Cooking with Jillian – Carver Conversations #3


Khadijah Olufayo, Editor

Ever since she was a little girl, 11th grader Jillian Tamayo (she/her) has loved cooking. Surrounded by food and raised with a culture that highlights it, she made her first meal at 7 years old — a plate of fried eggs: “I mostly likely botched by having the heat on high.” From there simmered a lifelong passion for the culinary arts that fuels her power as a chef today.


Growing up, her father was the family cook. Jillian remembers, “He got all these dishes from his mom,” — who was passed down the recipes from his own parents. Food has an important place in Filipino culture, Jillian explained, “My mom, she never lets people leave the house without eating.” In a culture that emphasizes nourishment, preparing and enjoying food are simultaneously necessary tasks and ways to feel closer to a mother country oceans away. Jillian’s favorite dish from the Philippines is beef kaldereta, a beef stew embellished with tomatoes and potatoes: “It always tastes best the next day. Y’know, like a chili.” Wasting food is frowned upon in Filipino culture, and the influx of leftovers in the Tamayo fridge results in the family cooking something new “maybe twice a week.”


Combined with her familial and cultural influences, Jillian’s media consumption also shaped her idea of cooking. The online culinary community motivated her to improve: “I would always watch these cooking channels on YouTube. And then, like, I don’t know, I just became obsessed with learning all the techniques and learning all the names.” Watching Master Chef Junior with her family as a child, Jillian saw children her age producing their chef-d’oeuvres under pressure. She would soon grow accustomed to a similar environment while working at Carver Cafe. Now, she reads blogs like Scheck Eats and The Spruce Eats to discover new recipes and approaches.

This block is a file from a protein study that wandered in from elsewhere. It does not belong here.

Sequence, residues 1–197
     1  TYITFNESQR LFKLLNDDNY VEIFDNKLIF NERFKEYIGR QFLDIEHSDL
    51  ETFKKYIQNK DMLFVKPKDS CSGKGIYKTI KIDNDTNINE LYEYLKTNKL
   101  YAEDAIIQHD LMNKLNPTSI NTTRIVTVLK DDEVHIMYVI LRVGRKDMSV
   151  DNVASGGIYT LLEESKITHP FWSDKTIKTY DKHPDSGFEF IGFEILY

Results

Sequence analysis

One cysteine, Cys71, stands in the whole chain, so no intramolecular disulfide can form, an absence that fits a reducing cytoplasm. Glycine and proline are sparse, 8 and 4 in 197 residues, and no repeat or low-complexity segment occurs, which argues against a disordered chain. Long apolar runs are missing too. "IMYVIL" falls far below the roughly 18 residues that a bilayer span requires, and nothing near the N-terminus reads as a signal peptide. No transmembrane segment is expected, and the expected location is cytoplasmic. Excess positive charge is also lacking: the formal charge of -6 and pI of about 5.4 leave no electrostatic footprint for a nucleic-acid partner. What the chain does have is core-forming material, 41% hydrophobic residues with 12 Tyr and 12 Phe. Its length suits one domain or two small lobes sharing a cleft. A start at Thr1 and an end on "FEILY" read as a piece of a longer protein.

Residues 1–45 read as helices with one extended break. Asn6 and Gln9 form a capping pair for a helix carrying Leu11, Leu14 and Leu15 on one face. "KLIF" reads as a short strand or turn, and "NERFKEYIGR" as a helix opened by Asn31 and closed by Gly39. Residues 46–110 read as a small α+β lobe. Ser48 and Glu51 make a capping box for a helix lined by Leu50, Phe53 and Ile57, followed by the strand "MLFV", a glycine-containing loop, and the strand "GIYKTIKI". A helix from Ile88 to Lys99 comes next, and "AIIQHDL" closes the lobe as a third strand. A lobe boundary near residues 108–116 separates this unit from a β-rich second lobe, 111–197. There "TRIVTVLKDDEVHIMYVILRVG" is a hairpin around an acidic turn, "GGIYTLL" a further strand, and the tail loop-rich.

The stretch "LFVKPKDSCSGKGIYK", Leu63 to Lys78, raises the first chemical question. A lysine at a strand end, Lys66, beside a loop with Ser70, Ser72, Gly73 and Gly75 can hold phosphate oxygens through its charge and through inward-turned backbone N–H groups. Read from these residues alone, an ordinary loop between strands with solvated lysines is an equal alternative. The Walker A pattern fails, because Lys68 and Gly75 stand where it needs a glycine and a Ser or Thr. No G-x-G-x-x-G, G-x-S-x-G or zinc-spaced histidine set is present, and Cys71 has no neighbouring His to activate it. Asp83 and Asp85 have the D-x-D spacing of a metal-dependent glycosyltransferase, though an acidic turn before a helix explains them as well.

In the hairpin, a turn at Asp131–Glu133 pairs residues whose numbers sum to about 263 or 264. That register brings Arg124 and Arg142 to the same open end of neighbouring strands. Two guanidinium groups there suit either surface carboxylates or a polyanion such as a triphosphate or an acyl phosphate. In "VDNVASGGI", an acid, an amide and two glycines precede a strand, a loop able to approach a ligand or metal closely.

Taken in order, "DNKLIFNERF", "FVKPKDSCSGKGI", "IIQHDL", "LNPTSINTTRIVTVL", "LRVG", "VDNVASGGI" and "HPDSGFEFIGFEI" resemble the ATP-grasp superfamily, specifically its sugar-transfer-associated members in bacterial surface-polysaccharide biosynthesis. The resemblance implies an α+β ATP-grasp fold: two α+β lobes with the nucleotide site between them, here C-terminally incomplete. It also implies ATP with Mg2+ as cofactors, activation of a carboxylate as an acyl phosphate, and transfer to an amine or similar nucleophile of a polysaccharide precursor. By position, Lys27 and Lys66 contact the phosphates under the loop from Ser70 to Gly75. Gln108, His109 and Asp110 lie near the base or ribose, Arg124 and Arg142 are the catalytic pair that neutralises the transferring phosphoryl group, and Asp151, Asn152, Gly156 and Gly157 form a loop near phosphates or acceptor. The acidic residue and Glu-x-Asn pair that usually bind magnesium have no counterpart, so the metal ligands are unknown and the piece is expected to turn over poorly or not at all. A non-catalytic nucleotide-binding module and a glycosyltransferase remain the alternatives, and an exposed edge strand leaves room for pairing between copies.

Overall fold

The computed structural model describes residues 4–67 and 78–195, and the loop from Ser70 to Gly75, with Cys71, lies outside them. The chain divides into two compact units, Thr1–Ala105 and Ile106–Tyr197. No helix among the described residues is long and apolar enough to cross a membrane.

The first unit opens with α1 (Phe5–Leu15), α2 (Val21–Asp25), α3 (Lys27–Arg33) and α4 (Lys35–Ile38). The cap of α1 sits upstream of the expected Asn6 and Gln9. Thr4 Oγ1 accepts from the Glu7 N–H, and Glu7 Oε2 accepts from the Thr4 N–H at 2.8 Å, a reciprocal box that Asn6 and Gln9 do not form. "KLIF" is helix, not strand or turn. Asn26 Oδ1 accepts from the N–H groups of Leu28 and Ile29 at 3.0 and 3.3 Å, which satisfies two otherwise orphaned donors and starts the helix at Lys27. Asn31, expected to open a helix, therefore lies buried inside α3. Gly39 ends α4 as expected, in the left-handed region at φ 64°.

Recipes are housed in the notes app on Jillian’s phone: “Every single recipe I learn, I always write it down.”


Even the most complicated dishes share standard steps of the cooking process that translate across all recipes. Mise en place —  the part where the food is prepped for cooking —  captivates Jillian the most, “It means ‘all in place’ and I just really enjoy chopping everything up and having it all ready and prepared.” Earlier, she described to me her process to make a sandwich, “First things first, I would make an open faced sandwich,” Jillian declared, “For the bottom layer you either put a leafy green or a fatty sauce like mayo or something to prevent all the ingredients from making the bread soggy.”


By the time she started her freshman year, Jillian was already excited to start running Carver Cafe — Carver Center’s own onsite restaurant — as a part of her Culinary Arts education. As the years went on and she grew more involved, she learned the importance of collaboration: “So many hands go into it and the outcome is always good.” After a lifetime of only cooking for herself and her family, Jillian found joy in feeding her community — a phenomenon that mirrors her upbringing in a Filipino household.


Visiting local restaurants contrasts her work as a chef with the experience of being a customer. Her favorite place to eat is Urban Hot Pot. “It has a lot of options and it’s all-you-can-eat,” she rationalized, “so y’know, a girl gets her fill.” Jame’s Fiesta Grill and Mama Rosa are her Filipino eateries of choice. Naturally, she is more connected to food she makes herself, but eating what others prepare allows her to explore the diverse happenings in the culinary world.


Food isn’t just food; it’s a process with a history that spans many generations and cultures. Support your local restaurants and prepare your own food to keep culinary traditions alive for generations to come. You can connect with Jillian on Instagram @jilliantamayo or by walking the halls here at Carver Center.